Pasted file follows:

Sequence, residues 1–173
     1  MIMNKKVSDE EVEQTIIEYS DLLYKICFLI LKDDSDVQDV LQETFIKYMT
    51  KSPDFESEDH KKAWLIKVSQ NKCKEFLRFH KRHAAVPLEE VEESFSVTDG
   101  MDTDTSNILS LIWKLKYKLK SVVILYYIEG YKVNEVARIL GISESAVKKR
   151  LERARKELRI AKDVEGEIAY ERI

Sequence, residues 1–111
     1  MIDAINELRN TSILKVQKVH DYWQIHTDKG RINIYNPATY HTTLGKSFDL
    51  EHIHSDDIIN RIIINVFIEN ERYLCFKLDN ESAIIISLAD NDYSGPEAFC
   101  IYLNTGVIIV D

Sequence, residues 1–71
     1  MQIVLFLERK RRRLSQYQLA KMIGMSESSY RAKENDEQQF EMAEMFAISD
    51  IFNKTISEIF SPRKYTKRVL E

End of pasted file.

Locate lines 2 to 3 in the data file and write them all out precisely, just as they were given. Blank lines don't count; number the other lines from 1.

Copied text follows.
     1  MIMNKKVSDE EVEQTIIEYS DLLYKICFLI LKDDSDVQDV LQETFIKYMT
    51  KSPDFESEDH KKAWLIKVSQ NKCKEFLRFH KRHAAVPLEE VEESFSVTDG